Painful change to PBS

Painful change to PBS

Tumut Pharmacy pharmacist Luke Peacock is disappointed that Panadol Osteo has been taken off the Pharmaceutical Benefits Scheme.

A Batlow pensioner has expressed his dismay at the price hike of Panadol Osteo, which has been taken off the Pharmaceutical Benefits Scheme.

Jim (surname withheld by request) said he used to get a box (each contains 96 caplets) for $5.25, and now pays $6.99.

“It’s a bloody big hike,” he said.

I could understand if it was 70 or 80 cents, but not $1.75. I have to take two of them three times a day, so it is going to add up to a lot more expense, considering I am on a pension.”

Panadol Osteo is used to relieve osteoarthritis, and muscle aches and pains such as backache. Paracetamol is the active ingredient.

“I have had heart surgery and I have lung issues, and I take medication for these, but these have only gone up 10 cents. I can’t fathom why the Panadol Osteo has gone up so much. In the Batlow, Tumut, Tumbarumba area there would be many who need to take it and would be affected.”

Jim said the government had increased his pension, but he is still upset about the medication price increase.

“I don’t know why they would put money in one hand and take it out of the other,” he said.

Tumut Pharmacy pharmacist Luke Peacock said he and his staff were “pretty disappointed” that Panadol Osteo has been taken off the PBS.

“This product is the first line of treatment for people with this condition, and now doctors will stop prescribing it, and start prescribing anti-inflammatories, which have more side effects,” he said.

“Panadol Osteo is a much more effective and safer option. We have had a lot of people express their disappointment that it has been taken off the PBS. Heaps of people are now probably going without, and suffering the pain and associated risk that goes with that.”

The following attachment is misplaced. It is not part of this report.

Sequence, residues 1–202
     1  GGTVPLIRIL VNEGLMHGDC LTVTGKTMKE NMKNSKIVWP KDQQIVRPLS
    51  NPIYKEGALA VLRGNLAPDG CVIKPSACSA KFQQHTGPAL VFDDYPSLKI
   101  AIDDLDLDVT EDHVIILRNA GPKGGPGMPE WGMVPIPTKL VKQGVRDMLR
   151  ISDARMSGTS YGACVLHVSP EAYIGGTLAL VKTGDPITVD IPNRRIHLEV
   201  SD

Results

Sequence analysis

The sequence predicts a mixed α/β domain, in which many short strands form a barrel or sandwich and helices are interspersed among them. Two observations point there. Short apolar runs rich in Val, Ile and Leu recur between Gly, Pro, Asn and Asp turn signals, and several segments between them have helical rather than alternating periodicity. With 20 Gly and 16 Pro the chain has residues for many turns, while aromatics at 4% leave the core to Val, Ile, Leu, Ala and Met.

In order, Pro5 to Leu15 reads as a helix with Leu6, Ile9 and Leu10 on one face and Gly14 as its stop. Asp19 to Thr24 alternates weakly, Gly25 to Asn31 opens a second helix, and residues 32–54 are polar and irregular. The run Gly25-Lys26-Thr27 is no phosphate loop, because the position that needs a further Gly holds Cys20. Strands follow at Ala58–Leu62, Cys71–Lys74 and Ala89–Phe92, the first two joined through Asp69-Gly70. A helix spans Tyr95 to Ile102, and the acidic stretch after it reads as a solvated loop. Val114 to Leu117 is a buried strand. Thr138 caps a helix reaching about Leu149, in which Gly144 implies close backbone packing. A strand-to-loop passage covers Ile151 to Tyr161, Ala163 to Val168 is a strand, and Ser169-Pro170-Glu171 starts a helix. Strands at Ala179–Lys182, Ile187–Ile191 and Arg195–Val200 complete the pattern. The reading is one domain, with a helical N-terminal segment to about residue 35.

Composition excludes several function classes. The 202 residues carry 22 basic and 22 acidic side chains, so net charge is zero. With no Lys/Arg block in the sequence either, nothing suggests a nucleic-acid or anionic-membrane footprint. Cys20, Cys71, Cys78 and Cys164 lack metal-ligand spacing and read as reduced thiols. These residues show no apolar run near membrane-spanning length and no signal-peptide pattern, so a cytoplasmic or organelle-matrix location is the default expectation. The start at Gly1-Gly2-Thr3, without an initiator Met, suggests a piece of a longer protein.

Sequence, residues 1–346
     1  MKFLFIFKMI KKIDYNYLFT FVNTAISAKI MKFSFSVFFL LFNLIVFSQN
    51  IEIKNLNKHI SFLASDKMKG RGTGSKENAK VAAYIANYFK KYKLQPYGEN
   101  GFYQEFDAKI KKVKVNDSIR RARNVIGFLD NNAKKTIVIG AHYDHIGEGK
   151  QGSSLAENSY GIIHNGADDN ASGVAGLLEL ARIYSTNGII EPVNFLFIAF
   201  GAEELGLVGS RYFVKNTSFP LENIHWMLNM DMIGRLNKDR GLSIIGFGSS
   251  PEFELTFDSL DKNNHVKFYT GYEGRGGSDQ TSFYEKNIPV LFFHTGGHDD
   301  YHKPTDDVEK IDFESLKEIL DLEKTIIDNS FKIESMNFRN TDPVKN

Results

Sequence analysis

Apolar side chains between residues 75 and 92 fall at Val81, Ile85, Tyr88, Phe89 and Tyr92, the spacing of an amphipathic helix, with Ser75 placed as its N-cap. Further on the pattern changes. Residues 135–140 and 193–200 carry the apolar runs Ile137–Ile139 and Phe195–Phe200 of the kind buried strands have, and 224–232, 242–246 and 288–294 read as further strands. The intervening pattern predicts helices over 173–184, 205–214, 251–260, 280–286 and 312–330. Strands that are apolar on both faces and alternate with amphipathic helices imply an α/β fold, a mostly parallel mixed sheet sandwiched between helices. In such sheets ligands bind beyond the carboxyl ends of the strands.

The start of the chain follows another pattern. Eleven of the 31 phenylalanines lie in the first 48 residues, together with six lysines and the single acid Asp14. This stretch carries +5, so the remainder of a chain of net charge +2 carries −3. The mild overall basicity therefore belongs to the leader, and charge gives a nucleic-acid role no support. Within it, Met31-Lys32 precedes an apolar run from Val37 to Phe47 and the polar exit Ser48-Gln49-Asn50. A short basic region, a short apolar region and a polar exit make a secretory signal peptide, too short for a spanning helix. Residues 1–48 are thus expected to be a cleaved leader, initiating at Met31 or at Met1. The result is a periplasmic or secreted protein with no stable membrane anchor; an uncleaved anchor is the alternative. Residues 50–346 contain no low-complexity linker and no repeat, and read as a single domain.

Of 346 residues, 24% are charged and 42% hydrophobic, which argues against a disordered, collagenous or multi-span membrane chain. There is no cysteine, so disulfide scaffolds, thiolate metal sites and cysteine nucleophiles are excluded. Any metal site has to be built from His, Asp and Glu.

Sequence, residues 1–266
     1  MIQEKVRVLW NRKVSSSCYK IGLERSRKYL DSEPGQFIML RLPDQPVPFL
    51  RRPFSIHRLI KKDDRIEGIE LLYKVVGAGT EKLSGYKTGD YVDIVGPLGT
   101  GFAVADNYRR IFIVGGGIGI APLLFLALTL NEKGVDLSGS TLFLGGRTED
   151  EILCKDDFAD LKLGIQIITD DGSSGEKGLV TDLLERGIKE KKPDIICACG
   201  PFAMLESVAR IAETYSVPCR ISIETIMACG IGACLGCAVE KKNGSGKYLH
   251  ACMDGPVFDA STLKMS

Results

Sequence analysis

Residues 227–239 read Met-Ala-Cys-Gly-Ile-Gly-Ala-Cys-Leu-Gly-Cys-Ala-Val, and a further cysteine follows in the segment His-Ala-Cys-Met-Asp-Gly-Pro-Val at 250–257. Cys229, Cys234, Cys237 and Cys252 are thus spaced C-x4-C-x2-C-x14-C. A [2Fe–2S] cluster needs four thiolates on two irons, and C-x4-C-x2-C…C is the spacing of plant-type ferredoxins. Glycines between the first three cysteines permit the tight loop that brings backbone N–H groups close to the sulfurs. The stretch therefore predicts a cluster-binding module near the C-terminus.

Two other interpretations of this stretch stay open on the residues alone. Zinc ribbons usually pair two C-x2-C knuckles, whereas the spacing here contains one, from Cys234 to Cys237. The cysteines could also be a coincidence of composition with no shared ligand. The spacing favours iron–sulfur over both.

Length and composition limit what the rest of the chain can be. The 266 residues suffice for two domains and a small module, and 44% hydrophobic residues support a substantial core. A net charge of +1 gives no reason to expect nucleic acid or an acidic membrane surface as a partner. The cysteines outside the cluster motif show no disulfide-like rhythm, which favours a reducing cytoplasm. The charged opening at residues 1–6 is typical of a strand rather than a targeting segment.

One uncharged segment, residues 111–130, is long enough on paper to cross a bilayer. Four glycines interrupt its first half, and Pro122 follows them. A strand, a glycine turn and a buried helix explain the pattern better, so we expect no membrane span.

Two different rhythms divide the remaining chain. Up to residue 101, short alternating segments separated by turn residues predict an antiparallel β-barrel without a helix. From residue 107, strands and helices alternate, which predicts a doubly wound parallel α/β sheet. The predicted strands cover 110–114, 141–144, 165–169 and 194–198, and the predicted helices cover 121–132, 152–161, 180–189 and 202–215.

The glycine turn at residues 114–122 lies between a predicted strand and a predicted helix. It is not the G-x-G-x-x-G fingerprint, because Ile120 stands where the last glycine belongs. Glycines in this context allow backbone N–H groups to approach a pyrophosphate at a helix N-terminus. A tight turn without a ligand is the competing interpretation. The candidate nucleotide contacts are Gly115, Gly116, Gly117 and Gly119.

A spokesman for the Federal Department of Health said that on January 1 2016, certain products that could also be purchased over-the-counter were delisted from general availability on the PBS.

“Consumers can continue to buy these medicines at competitive prices from pharmacies and, in some cases, other retailers without the need for a prescription,” the spokesman said.

“The delisting of these medicines was recommended by the Pharmaceutical Benefits Advisory Committee (PBAC), an independent, expert advisory body, following consideration of submissions from suppliers and consumer groups.”

“In making its recommendation to delist paracetamol 665mg modified release tablets the PBAC recommended maintaining certain paracetamol products on the PBS for Aboriginal and Torres Strait Islanders, palliative care patients and people with paraplegia or quadriplegia because of the extraordinary health challenges faced by these populations and groups respectively.

“The PBAC was asked by pharmacy and patient groups to reconsider its decision to recommend the delisting of paracetamol 665mg modified release products from the PBS. However, at its meeting in March 2016 the PBAC affirmed its delisting recommendation, noting that the same active ingredient in these products is also available at much lower costs to patients over the counter in the form of paracetamol 500 mg tablets.”